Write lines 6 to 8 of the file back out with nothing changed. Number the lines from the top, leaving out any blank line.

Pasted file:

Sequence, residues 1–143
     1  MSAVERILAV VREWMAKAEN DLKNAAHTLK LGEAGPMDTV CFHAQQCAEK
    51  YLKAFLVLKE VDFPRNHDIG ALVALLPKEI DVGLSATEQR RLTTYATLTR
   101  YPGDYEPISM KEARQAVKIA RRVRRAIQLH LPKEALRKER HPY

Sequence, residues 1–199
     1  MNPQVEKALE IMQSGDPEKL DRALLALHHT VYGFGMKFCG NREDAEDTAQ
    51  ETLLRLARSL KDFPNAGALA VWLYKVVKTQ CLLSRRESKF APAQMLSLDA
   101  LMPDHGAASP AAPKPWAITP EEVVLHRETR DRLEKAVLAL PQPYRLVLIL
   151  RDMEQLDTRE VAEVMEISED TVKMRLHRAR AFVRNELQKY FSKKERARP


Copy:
     1  MNPQVEKALE IMQSGDPEKL DRALLALHHT VYGFGMKFCG NREDAEDTAQ
    51  ETLLRLARSL KDFPNAGALA VWLYKVVKTQ CLLSRRESKF APAQMLSLDA
   101  LMPDHGAASP AAPKPWAITP EEVVLHRETR DRLEKAVLAL PQPYRLVLIL